I've spent more time on this post than probably anything I've ever written. The challenge is I simply don't know where to start let alone what to really say. My heart goes out to the families and my prayers are with so many people.
But there's a sidebar to this, because Boston was always my town. My first apartment was on Hereford and Newbury St. in a basement - just me and a few thousand bugs. I worked for Polaroid for 17 1/2 years and spent most of the time in the greater Boston area.
I have two kids, grandchildren and friends all around Boston. In fact, I called my daughter to check in on everybody the minute I heard the news. Everybody was fine, but as I watched the special with Diane Sawyer I realized it was time to either delete this post or publish it.
This week's tragedy in Boston would have been a tragedy no matter where it occurred, but when it's your "hometown" it hits even harder. I watched the story as it was unfolding and like so many of you sat in silent shock.
Since then, every image I've seen has taken me deep into the tragedy as if I was actually there. I know we all felt the same way last year with the shooting in Connecticut. Everybody remembers every minute of every day when 9/11 happened. It's imaging that brings the tragedy right into our hearts. It's that ability to capture memories, even when they're horrific that makes me so proud to be in this industry.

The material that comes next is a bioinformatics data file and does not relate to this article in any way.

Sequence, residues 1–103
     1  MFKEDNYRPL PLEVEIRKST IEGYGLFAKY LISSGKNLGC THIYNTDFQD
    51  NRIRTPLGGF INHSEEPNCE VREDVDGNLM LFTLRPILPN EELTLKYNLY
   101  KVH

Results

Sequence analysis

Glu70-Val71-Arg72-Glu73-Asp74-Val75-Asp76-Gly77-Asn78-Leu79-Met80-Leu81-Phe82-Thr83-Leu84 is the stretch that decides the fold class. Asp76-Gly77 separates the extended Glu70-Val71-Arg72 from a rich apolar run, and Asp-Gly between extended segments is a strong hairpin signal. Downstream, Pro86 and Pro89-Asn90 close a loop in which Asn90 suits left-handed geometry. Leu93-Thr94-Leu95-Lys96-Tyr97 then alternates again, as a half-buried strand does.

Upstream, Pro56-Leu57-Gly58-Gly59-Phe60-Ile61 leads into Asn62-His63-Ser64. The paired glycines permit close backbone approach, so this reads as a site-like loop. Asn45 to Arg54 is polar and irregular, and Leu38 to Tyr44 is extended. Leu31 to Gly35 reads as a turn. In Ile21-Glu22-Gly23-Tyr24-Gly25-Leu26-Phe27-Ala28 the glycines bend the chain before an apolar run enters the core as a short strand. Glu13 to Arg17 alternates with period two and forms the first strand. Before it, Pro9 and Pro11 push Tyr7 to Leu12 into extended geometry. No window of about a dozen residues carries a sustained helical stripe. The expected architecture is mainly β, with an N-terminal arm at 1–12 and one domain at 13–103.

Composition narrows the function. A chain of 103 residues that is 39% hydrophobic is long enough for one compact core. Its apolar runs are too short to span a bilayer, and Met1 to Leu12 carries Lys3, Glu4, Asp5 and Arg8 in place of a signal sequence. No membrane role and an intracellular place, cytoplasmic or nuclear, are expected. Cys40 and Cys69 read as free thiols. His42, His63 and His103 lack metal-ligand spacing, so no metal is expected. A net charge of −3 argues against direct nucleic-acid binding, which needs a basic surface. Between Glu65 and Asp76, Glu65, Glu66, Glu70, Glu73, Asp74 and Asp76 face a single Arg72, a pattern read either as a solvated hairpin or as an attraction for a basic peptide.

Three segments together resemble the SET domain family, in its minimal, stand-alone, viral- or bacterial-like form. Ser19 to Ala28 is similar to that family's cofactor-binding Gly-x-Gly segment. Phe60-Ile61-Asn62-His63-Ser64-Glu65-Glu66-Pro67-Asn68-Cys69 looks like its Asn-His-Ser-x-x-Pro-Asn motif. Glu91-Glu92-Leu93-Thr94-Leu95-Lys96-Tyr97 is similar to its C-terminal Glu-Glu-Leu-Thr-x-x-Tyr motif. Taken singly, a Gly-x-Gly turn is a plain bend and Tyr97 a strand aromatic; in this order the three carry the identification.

Years ago I was at the ICP luncheon held at the UN when Monte Zucker was given one of the Photographer of the Year awards, representing WPPI. There were at least four photographers being honored and two of them had documented 9/11. Monte was truly humbled by the recognition and said,
"I'm so honored to be in such incredible company and so proud to be a photographer, but there's a huge difference with the kind of work I do. You see, you guys photograph the way the world really is, but I get to photograph it the way it should be."
I don't remember what else he said, but there was a tear in his eye at the time and it was all because of his incredible pride. That's the legacy that Monte left us. As professional photographers, whether you're a journalist or not, you've got a huge responsibility to never compromise on the quality of each image, to never stop building on your skill set and to capture memories, both good and horrible to simply share with the world.
Didn't mean to get on the soapbox...just don't know how to explain how the word "pride" comes into the picture with so many other feelings of sadness. I feel proud of the work being done every day by photographers, videographers and people involved in imaging all over the world, especially this week in Boston...and that's what makes this industry so amazing.
Two Weeks to